By: Anne Marie Holloway
I don’t know about you, but as a working Mom of four active, school-aged kids, I have very little time available for myself to stop reflect, unwind and “de-stress.” Because of that, with the arrival of each year, I often find myself looking at trying to tip the scale back a little towards myself. With the voices of the wise women in my life echoing in my head, telling me to take better care of myself, I begin each new year attempting to take stock of the things that I need or might like to do for myself – things that do not involve family trips or kids’ activities.
In the past, I made promises to myself to try to exercise more, join a book club, attend a retreat, see a play, attend a concert, take a class, buy new sneakers or maybe even get a massage! But, each year I typically found myself slightly falling short of my humble aspirations – not because of the lack of pursuit or even enthusiasm, but because these things just simply become unattainable due to lack of time.
A few years ago, I attended a PTO event for parents where they hosted a speaker who began his presentation by asking us to create a “bucket-list” of 10 things that we would like to do before our time on earth was over. The speaker told us that these things should be completely self-serving and without limitations (like money or time). Half the room – which was filled with mothers – squealed with delight, while the other half had already picked up their pens and began feverishly writing before the speaker had even finished his sentence. But not me. I guess I just was not designed for that type of progressive thinking. Or maybe, it just hit too close to home. The thought of writing such a list made me sad, as I had just lost a dear friend to cancer.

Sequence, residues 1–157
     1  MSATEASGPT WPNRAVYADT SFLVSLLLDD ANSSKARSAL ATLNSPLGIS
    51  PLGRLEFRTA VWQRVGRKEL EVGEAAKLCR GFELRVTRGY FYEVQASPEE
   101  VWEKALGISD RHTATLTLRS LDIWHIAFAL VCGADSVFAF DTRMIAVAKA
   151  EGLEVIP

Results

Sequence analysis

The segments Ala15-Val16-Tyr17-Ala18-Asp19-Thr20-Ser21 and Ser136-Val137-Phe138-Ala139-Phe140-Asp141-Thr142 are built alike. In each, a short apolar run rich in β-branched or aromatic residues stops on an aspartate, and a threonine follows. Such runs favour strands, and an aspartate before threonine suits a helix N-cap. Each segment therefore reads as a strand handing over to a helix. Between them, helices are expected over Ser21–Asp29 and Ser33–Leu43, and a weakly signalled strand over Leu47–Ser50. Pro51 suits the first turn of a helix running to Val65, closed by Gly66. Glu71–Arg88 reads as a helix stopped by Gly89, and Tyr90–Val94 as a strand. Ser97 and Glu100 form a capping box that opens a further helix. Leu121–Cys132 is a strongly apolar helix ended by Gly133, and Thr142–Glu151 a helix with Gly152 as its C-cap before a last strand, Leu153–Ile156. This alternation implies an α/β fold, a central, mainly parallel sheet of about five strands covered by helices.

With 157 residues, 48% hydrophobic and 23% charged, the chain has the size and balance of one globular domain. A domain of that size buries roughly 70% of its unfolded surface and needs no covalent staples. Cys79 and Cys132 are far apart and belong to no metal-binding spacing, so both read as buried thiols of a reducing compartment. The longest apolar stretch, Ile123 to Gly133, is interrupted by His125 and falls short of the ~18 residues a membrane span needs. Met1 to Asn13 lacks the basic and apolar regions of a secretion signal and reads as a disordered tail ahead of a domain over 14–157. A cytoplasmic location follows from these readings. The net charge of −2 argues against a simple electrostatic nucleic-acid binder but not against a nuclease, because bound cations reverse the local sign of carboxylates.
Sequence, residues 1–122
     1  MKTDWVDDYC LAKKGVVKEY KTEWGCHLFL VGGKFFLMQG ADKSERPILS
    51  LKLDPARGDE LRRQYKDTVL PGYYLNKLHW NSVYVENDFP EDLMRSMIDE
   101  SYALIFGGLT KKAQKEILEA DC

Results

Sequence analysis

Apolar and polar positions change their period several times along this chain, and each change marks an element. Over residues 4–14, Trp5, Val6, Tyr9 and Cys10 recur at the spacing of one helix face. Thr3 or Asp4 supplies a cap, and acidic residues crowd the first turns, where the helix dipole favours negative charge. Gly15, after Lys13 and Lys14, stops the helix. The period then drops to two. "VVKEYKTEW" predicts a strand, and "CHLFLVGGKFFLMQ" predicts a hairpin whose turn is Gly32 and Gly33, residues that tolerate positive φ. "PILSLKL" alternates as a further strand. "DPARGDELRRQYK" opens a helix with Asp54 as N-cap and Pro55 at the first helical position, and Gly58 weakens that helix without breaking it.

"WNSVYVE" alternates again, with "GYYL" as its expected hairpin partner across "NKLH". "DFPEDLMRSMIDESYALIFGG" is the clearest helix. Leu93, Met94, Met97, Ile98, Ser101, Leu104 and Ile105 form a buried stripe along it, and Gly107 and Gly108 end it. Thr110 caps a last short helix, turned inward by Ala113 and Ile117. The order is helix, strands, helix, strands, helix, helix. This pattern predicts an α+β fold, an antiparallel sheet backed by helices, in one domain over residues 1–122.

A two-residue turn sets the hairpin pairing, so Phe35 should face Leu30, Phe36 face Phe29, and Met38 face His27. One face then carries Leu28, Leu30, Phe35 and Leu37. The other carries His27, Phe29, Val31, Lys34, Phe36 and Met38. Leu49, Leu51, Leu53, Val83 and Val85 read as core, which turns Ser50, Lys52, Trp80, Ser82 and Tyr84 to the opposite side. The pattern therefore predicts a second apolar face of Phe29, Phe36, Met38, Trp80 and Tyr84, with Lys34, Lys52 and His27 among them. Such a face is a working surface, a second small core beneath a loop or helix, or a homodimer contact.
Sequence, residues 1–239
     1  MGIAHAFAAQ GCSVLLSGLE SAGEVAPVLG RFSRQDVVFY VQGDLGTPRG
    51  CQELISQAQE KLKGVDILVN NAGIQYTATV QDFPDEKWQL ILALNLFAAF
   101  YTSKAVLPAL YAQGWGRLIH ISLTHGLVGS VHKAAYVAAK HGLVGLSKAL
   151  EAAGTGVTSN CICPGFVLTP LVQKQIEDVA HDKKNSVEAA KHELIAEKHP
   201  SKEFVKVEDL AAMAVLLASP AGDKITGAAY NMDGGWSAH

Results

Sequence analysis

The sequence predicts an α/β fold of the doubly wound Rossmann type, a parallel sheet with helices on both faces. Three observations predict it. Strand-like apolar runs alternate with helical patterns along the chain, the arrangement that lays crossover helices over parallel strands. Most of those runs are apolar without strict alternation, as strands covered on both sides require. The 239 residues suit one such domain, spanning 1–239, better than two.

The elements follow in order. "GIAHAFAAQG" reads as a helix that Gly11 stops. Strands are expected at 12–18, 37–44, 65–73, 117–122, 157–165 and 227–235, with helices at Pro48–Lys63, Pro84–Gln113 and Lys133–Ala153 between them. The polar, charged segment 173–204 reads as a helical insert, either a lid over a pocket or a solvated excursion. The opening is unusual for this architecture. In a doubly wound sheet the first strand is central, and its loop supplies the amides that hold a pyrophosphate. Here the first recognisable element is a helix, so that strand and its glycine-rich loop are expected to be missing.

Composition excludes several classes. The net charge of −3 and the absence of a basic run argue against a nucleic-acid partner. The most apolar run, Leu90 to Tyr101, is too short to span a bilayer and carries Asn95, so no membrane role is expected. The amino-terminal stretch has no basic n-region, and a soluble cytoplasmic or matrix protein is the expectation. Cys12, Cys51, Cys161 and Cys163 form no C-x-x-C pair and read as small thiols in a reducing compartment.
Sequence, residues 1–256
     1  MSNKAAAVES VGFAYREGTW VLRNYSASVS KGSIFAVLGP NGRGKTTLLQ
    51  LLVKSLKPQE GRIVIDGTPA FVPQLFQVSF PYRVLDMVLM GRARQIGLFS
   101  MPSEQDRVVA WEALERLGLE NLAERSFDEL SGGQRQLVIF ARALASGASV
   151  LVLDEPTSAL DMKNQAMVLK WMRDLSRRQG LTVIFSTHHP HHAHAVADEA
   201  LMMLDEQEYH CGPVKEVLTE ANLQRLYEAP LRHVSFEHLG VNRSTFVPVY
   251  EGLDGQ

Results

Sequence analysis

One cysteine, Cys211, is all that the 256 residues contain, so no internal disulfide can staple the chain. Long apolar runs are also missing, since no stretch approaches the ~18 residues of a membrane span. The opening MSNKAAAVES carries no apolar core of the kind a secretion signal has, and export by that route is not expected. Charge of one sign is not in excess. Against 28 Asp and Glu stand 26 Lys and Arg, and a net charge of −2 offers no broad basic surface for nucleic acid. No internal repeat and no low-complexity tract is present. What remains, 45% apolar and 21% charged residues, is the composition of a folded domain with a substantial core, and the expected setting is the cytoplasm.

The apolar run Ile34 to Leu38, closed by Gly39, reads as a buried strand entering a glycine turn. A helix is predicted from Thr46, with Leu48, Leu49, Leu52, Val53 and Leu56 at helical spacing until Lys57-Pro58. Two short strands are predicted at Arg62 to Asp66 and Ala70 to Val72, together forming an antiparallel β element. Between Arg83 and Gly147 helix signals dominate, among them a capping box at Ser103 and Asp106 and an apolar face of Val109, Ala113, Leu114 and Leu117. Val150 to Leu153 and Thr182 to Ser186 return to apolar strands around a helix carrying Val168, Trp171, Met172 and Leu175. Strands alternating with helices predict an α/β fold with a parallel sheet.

Anyways, creating that list was the most difficult thing I had ever had to do. I was happy and thankful for being where I was in life. I had worked almost full-time through the early years of my first two children, and I loved that my husband and I were at a place where I could finally be a full-time stay-at-home mom. I had so many intricate plans revolving around my kids, my husband, the house, activities, budgets and meal plans…. I found it difficult to make a whimsical wish list just for myself. It was almost painful. But, I did it. I made a bucket list that evening at the PTO event. It was lame and I can honestly say that if I was asked to do it again, I am not sure that I could make a better one. Silly, I guess.
But the speaker that night did make me think about what I hoped to experience from this journey, so I went home and started a different sort of list. I started to list the lessons that I have learned about the good, the bad and the otherwise in life. With the help of my husband, we have compiled quite a list of witty little titles that apply short insights into the things that happen in life. We hope to one day share them with our kids when they need them most.
I read the list we have created often, and it makes me smile. I hope that my kids will read them, shake their heads and smile too. Maybe, just maybe, they will also find my sad little bucket list among my journals and see that their crazy old mom had actually tried to accomplish something more than what the “bucket list” had on it… I hope they will look back at my life and say, “Wow! She was something else!” and it will inspire them to live fully, courageously and joyfully!
What would you write on your “bucket list?”